3280. Robert Southey to Grosvenor Charles Bedford, 9 April 1819

3280. Robert Southey to Grosvenor Charles Bedford, 9 April 1819⁠* 

My dear G.

Lay the Captains Journals [1]  aside till I come to London, & then they may travel to Cumberland in one of my packages, in company with books, old cloaths &c.

I have had a dismal time since you heard from me. Edith has had one ailment after another from the time of her delivery, [2]  & is now confined with an abscess, large as a hens egg, & hard as a board, so that it may be long before it is in a state to be discharged. It is now a fortnight since it first appeared. I am less apprehensive of the consequences than I was, seeing that her general health bears up wonderfully well, tho she is in bed 18 hours out of the 24, & scarcely able to sit for the tumour. Edmondson thinks it the termination of xxx <a long> inflammatory dia thesis. [3]  Had it not been for this I think I should have been able to fix my departure for the first week in May – but I cannot leave home till she is in a state which of evident convalescence, – & meantime anxiety has slackened my head hand. Not that I have been idle, – indeed far from it, – but that I have done less than would have been done if my mind had been at ease.

I hope it will not delay me above a week or ten days beyond my intended time. But even if I were in town I certainly should not go to the Westminster meeting. [4]  The chance of seeing some half dozen men with whom I might like to exchange a few words of recognition & shake hands, would xx not make amends for for the melancholy recollection of those whom I lovd better, & need to see at the same time. – Moreover I have an absolute hatred of all public meetings, & would rather go without a dinner, than eat it in such an assembly. I went to the Academys dinner, [5]  for the sake of facing the Slander-Smith, – but I go to no more such.

My wish will be to see as much of my friends as I can, & as little of my acquaintance, – & therefore I mean to refuse all such invitations as would throw me among strangers, or indifferent persons, except in cases where I owe something for civilities received. For I do not want to see Lions, & still less do I desire to be exhibited as one, & go where I should be expects to open my mouth & roar.

There is another reason why I would not attend the Westminster Meeting. As I never went during Vincents life, it might seem as if I felt myself at liberty to go there now, & had not done so before. Whereas so far was I from harbouring any resentment toward Vincent, or any unpleasant feeling of any kind, that I have long, & with good reason, looked upon my expulsion from Westminster as having been in its consequences the luckiest event of my life. And for many years I should have been glad to have met the old man, in full persuasion that he would not have been sorry to have met with me.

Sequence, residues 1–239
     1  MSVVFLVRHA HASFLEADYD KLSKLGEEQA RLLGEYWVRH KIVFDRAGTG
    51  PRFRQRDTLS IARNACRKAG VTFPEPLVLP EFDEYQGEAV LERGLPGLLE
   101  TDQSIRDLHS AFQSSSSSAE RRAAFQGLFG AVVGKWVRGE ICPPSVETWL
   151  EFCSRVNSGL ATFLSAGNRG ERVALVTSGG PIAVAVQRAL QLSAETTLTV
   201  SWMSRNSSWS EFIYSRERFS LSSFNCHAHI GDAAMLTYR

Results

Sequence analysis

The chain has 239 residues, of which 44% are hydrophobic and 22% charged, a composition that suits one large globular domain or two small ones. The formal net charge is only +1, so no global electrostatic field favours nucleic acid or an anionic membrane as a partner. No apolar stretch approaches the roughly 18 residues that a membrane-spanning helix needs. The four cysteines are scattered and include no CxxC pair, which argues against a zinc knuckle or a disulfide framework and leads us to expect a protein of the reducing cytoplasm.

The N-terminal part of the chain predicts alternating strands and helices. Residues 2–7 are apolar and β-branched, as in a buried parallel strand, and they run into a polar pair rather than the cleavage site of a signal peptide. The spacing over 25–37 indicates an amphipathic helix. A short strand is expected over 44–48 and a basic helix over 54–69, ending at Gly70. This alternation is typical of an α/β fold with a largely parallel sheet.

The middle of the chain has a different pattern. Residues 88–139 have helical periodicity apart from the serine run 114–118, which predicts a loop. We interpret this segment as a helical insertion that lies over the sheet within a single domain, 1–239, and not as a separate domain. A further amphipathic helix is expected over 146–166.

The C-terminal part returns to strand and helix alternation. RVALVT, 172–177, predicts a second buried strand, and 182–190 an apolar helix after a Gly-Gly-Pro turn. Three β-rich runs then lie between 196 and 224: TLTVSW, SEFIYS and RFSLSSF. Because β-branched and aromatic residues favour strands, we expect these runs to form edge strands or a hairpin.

I had a beautiful letter yesterday from poor Walter Scott – who has been on the very brink of the grave, – & feels how likely it is that any day, or hour may send him there. [6]  If he is sufficiently recovered I shall meet him for <in> London. But his health is broken beyond all prospect or hope of compleat recovery. He intreats me to take warning, & beware of over-working myself. I am afraid no person ever took that advice who stood in need of it. And still more afraid that the surest way of bringing on the anticipated evil, would be to apprehend it. – But I believe that I manage myself well, by frequent change of employment, frequent idling, & keeping my mind as free as I can from any strong excitement

God bless you my dear Grosvenor


Charles Cuthbert is going on well. – The Almanacks are not come, – but there is nobody to blame, – for I have had no parcel from Murraylemagne

Good Friday. 1819.

Tell Wynn I have had a book sewn for the continuation of his Oliver Newman, [7]  – the first step toward filling it. – I have been too uneasy to go on with it of late, – which is unfortunate, for I am now <just> getting into the full stream of the story


* Address: To/ G. C. Bedford Esqre/ 9. Stafford Row/ Buckingham Gate/ London
Stamped: KESWICK/ 298
Postmark: E/ 12 AP 12/ 1819
Endorsements: April 9 1819; Apl. 9. 1819
MS: Bodleian Library, MS Eng. Lett. d. 47. ALS; 4p.
Previously published: Charles Cuthbert Southey (ed.), Life and Correspondence of Robert Southey, 6 vols (London, 1849–1850), IV, pp. 340–341 [in part]. BACK

[1] Possibly James Burney, Chronological History of North-Eastern Voyages of Discovery and of the Early Eastern Navigations of the Russians (1819). BACK

[2] Charles Cuthbert Southey had been born on 24 February 1819. BACK

[3] A hereditary or constitutional predisposition to a disease. BACK

[4] An annual reunion of ex-pupils at Westminster School, the school that Southey had attended 1788–1792. BACK

[5] As Poet Laureate, Southey was invited to, and attended, the Anniversary Dinner of the Royal Academy on 3 May 1817. He did not meet William Smith at this occasion. BACK

[6] Walter Scott to Southey, 4 April 1819, John Gibson Lockhart, Memoirs of the Life of Sir Walter Scott, 7 vols (London, 1837–1838), VI, pp. 237–241. BACK

[7] Southey’s unfinished epic, set in New England. The completed sections were published after Southey’s death in Oliver Newman: A New-England Tale (Unfinished): With Other Poetical Remains (London, 1845), pp. 1–90. BACK

People mentioned